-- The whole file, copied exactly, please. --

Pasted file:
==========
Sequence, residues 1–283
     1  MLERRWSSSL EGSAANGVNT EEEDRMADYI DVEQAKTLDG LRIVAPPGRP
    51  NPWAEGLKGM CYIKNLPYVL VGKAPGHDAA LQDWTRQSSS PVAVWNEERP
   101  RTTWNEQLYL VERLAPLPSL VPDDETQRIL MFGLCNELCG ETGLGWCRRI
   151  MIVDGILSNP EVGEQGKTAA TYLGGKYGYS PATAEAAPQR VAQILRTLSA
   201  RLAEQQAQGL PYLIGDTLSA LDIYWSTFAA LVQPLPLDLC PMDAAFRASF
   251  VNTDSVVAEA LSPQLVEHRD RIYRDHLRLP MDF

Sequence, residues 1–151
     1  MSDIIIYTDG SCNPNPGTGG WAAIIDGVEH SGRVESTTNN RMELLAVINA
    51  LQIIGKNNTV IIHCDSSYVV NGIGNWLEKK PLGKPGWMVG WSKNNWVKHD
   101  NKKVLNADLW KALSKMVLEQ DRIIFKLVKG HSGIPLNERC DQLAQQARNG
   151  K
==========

Sequence, residues 1–283
     1  MLERRWSSSL EGSAANGVNT EEEDRMADYI DVEQAKTLDG LRIVAPPGRP
    51  NPWAEGLKGM CYIKNLPYVL VGKAPGHDAA LQDWTRQSSS PVAVWNEERP
   101  RTTWNEQLYL VERLAPLPSL VPDDETQRIL MFGLCNELCG ETGLGWCRRI
   151  MIVDGILSNP EVGEQGKTAA TYLGGKYGYS PATAEAAPQR VAQILRTLSA
   201  RLAEQQAQGL PYLIGDTLSA LDIYWSTFAA LVQPLPLDLC PMDAAFRASF
   251  VNTDSVVAEA LSPQLVEHRD RIYRDHLRLP MDF

Sequence, residues 1–151
     1  MSDIIIYTDG SCNPNPGTGG WAAIIDGVEH SGRVESTTNN RMELLAVINA
    51  LQIIGKNNTV IIHCDSSYVV NGIGNWLEKK PLGKPGWMVG WSKNNWVKHD
   101  NKKVLNADLW KALSKMVLEQ DRIIFKLVKG HSGIPLNERC DQLAQQARNG
   151  K